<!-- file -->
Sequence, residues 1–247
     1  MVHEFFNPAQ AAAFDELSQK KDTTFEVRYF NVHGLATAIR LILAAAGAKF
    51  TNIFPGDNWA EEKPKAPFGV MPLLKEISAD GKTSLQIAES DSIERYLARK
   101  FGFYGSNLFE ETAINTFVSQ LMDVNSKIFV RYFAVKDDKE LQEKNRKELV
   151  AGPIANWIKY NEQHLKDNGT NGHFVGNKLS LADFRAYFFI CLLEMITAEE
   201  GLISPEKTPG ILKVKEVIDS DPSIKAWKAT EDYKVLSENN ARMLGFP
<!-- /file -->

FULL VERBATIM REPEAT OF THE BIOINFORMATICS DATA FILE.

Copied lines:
Sequence, residues 1–247
     1  MVHEFFNPAQ AAAFDELSQK KDTTFEVRYF NVHGLATAIR LILAAAGAKF
    51  TNIFPGDNWA EEKPKAPFGV MPLLKEISAD GKTSLQIAES DSIERYLARK
   101  FGFYGSNLFE ETAINTFVSQ LMDVNSKIFV RYFAVKDDKE LQEKNRKELV
   151  AGPIANWIKY NEQHLKDNGT NGHFVGNKLS LADFRAYFFI CLLEMITAEE
   201  GLISPEKTPG ILKVKEVIDS DPSIKAWKAT EDYKVLSENN ARMLGFP